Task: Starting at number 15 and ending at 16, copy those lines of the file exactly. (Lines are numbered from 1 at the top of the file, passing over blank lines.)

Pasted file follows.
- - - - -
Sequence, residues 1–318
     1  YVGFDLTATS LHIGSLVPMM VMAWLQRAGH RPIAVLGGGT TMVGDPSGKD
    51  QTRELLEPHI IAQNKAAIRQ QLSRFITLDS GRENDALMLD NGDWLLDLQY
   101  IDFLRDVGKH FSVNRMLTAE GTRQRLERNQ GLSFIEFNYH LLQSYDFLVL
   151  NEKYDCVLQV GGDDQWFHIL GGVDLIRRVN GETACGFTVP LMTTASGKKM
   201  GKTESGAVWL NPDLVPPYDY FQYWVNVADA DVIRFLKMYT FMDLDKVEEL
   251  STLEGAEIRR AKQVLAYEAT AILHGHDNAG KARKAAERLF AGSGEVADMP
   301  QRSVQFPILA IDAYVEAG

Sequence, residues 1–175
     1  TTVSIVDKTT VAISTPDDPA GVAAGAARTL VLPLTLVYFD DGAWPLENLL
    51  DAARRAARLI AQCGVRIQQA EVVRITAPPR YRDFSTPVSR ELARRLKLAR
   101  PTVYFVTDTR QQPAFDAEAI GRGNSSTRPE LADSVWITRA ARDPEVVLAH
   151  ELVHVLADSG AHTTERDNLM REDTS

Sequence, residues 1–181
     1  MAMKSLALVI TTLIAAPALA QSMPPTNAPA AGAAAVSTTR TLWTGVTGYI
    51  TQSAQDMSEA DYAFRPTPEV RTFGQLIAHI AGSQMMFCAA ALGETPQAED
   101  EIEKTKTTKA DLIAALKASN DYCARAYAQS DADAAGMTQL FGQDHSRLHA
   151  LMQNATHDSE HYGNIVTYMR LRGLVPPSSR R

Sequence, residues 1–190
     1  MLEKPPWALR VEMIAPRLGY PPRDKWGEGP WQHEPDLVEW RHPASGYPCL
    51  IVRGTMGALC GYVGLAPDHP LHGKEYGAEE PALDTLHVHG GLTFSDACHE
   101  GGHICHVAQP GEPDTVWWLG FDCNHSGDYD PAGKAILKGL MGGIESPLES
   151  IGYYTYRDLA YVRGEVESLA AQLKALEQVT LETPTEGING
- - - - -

     1  MAMKSLALVI TTLIAAPALA QSMPPTNAPA AGAAAVSTTR TLWTGVTGYI
    51  TQSAQDMSEA DYAFRPTPEV RTFGQLIAHI AGSQMMFCAA ALGETPQAED